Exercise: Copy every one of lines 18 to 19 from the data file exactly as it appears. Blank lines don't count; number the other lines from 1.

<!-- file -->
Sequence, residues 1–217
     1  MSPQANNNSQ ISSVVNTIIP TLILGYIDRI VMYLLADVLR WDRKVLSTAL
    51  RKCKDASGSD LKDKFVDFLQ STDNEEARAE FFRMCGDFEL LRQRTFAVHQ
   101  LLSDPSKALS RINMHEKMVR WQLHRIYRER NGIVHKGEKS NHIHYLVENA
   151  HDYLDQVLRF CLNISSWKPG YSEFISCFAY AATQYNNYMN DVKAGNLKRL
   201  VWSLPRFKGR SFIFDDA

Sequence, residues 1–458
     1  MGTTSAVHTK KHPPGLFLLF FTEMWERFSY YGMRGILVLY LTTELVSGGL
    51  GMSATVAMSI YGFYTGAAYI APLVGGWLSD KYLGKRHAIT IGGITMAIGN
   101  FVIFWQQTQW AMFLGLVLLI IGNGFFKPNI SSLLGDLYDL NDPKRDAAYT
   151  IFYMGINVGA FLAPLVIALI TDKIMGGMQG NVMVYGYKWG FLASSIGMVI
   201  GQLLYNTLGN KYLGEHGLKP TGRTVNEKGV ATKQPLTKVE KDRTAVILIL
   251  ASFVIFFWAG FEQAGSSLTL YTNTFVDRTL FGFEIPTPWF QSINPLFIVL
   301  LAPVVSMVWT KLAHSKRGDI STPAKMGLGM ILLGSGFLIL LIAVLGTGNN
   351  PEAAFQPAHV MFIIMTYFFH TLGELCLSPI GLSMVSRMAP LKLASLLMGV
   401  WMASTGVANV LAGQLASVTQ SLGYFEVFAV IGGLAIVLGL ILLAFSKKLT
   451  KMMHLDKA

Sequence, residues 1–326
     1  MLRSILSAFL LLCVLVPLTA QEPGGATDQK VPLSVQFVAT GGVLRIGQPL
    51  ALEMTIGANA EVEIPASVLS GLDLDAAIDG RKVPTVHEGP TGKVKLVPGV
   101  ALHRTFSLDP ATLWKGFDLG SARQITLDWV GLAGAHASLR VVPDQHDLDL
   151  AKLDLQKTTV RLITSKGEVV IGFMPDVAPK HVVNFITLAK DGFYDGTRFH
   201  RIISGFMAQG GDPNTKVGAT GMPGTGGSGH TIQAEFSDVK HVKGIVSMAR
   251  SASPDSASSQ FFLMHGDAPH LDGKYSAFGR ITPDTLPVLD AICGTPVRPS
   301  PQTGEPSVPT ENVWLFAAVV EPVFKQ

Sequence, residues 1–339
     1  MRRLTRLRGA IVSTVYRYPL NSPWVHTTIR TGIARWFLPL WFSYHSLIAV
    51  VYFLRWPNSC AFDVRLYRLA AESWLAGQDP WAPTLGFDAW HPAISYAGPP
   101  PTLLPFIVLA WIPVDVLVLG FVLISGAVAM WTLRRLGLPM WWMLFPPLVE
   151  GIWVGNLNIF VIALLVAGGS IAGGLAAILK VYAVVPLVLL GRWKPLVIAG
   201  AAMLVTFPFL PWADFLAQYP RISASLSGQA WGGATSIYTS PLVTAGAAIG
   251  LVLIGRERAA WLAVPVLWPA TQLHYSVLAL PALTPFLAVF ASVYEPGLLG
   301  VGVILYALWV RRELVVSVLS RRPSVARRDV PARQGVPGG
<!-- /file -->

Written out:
Sequence, residues 1–326
     1  MLRSILSAFL LLCVLVPLTA QEPGGATDQK VPLSVQFVAT GGVLRIGQPL